1934 to 1938: Ständestaat in the Name of "God, the Almighty"

The proclamation of the authoritarian "May Constitution" on 1 May 1934 marked the beginning of the Ständestaat, a corporative authoritarian system under the leadership of the Fatherland Front (Vaterländische Front). Also known as Austrofascism, it meant the end of democratic parliamentarianism and party pluralism. The Constitution of 1934 was declared on the basis of a constitutional Enabling Act.

The May Constitution starts with the words "In the name of God, the Almighty, from whom all law emanates." Austria thus became a Federation based on Catholic principles and corporatism consisting of the city of Vienna which on 31 March 1934 had lost the status of an autonomous Land and eight federal Laender. The State Council, the Federal Cultural Council, the Federal Economic Council and the Laender Council were given an advisory role. The Federal Government was subject to the "leadership" (which before had been called the chairmanship) of the Federal Chancellor. By 1938, the implementation of corporatism, however, proved only partly successful.

Politics anticipating the Anschluss in 1938

On 29 July 1934 Kurt Schuschnigg became Federal Chancellor. His politics were supported by the Fatherland Front, a reservoir for nationalist, Christian and generally right-wing conservative forces. The years of the Schuschnigg government were mainly characterised by political confrontations with the National Socialists, a struggle which Austria was to eventually lose.

The political rapprochement with fascist Italy proved to be unfit for Austria’s preservation as an independent state - precisely because the rapprochement of the two fascist powers Germany and Italy was already underway. Austria eventually lost the last ally which could have assisted it against the increasing aggression of Nazi Germany. Another aspect sealing the fate of the country’s near future was the authoritarian government’s self-conception as the second German state. On the whole it is true to say that between 1934 and 1938 the way was paved for the annexation of Austria to Hitler’s Germany.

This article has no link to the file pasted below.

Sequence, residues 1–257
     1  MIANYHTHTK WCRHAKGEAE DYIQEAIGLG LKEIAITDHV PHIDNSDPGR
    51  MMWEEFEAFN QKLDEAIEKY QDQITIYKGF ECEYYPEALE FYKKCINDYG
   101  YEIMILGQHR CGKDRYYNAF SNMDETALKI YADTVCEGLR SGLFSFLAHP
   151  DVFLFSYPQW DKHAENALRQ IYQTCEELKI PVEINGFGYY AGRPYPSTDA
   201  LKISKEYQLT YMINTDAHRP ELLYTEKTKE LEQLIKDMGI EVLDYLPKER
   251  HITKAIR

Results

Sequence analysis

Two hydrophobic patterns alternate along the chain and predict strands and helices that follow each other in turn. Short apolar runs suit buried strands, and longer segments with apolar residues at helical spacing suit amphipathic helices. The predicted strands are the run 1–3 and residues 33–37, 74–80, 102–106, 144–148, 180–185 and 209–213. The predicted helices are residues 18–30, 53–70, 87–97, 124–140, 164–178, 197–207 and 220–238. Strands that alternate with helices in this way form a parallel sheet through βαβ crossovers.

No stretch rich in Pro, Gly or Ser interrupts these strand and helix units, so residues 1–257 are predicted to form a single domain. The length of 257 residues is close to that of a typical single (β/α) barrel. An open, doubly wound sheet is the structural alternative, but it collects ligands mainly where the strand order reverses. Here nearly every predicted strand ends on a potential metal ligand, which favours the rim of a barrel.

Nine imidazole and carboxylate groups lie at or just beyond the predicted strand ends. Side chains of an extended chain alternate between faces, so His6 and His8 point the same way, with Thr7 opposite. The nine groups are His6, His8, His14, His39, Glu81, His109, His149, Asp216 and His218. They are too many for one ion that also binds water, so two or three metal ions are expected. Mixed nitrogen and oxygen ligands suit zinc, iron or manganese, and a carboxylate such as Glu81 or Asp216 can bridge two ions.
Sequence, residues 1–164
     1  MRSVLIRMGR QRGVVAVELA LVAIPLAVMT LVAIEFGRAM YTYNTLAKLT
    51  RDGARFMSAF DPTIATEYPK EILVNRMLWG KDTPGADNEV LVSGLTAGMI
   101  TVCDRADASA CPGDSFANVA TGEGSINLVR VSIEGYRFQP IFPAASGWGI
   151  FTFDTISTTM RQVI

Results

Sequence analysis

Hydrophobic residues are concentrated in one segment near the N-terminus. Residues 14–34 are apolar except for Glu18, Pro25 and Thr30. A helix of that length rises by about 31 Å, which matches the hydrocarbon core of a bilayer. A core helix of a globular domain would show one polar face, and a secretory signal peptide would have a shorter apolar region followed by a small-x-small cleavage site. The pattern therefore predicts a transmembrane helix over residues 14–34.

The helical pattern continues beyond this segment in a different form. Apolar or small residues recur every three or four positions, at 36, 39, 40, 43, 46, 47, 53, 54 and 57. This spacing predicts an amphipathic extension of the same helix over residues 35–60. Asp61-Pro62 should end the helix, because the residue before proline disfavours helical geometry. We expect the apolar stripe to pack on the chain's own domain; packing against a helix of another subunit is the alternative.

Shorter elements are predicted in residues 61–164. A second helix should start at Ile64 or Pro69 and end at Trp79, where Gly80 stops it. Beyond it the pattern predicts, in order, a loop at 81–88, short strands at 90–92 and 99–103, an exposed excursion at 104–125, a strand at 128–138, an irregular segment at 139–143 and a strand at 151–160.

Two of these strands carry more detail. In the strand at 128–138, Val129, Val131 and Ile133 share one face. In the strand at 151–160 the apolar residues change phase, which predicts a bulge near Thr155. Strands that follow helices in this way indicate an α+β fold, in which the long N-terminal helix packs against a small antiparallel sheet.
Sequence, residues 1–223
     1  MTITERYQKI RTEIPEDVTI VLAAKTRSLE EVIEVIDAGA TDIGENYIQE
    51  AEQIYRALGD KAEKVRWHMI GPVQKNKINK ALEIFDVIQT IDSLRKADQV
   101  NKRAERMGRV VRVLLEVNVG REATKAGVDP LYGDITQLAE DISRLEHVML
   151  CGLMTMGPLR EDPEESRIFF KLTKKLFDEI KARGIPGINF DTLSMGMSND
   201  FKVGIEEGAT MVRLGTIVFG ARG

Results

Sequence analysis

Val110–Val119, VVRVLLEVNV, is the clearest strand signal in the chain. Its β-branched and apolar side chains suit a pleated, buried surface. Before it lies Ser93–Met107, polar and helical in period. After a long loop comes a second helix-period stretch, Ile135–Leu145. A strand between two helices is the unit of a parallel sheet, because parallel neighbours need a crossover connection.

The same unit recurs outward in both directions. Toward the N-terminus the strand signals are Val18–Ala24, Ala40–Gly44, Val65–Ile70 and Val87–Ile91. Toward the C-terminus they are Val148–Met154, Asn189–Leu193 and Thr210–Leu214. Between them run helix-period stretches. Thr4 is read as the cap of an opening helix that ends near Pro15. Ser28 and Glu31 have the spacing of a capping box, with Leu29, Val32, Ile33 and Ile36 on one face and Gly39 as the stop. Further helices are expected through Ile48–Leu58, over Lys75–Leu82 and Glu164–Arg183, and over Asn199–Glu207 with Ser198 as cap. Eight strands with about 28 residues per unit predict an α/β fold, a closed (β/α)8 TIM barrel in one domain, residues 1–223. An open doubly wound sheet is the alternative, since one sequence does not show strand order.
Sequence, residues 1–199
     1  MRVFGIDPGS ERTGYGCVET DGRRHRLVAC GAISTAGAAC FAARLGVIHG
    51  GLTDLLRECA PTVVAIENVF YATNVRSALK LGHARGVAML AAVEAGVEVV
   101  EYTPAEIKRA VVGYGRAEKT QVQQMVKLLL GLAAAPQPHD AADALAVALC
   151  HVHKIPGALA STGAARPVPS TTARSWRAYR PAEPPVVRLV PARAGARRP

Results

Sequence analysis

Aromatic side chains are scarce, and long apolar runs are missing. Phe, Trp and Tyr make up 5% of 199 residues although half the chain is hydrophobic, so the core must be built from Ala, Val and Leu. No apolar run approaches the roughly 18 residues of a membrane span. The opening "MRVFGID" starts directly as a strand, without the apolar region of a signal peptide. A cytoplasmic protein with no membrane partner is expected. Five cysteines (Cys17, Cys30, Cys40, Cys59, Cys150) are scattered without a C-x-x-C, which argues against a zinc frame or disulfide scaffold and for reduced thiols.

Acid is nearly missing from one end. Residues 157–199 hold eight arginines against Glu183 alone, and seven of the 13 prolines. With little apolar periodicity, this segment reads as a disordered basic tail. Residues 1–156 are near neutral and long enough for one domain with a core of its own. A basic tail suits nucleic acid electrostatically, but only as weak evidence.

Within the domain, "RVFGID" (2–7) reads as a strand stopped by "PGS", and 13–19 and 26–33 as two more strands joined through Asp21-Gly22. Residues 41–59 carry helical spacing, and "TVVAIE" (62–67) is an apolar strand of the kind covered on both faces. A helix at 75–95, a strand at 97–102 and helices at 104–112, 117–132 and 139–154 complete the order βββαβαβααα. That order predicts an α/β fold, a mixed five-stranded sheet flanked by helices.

Vienna during those fateful years

The economic problems were enormous - a situation which was not really helped by slogans such as "Buy Austrian Goods". In Vienna the unemployment rate was consistently growing. Long term unemployment led to the loss of social benefits and soon the greater part of those without jobs no longer received any assistance whatsoever. On 26 January 1935, by contrast, Chancellor Schuschnigg inaugurated the first Opera Ball at the Vienna State Opera welcoming 4,000 guests to the occasion.

By the end of April 1934 a number of street names were changed. Sections of the Ringstraße were renamed to Dr.-Karl-Lueger-Ring or Dr.-Ignaz-Seipel-Ring (today’s Dr.-Karl-Renner-Ring). In August 1934 the Fatherland Front decreed that all towns in Austria had to name a street or square after Engelbert Dollfuß, a principle which was to be applied after 1938 except this time squares had to be renamed to Adolf-Hitler-Platz - as was the case with Rathausplatz in Vienna.

In February 1936, during the fourth Winter Olympics, Karl Schäfer won his second gold medal in figure skating. Vienna at the time was the world’s leading city in figure skating. On 16 October 1935, the first section of Höhenstraße connecting Cobenzl and Kahlenberg was officially opened; in 1936 the section from Kahlenberg to Leopoldsberg was finished. For the road’s construction workers were recruited from the newly established Labour Service which had been introduced to combat unemployment. Due to growing traffic volume, the permissible speed limit in Vienna was raised from 30 to 40 kilometres per hour.

Contact for this page:
Dr. Ingeborg Bauer-Manhart (Municipal Department 53)
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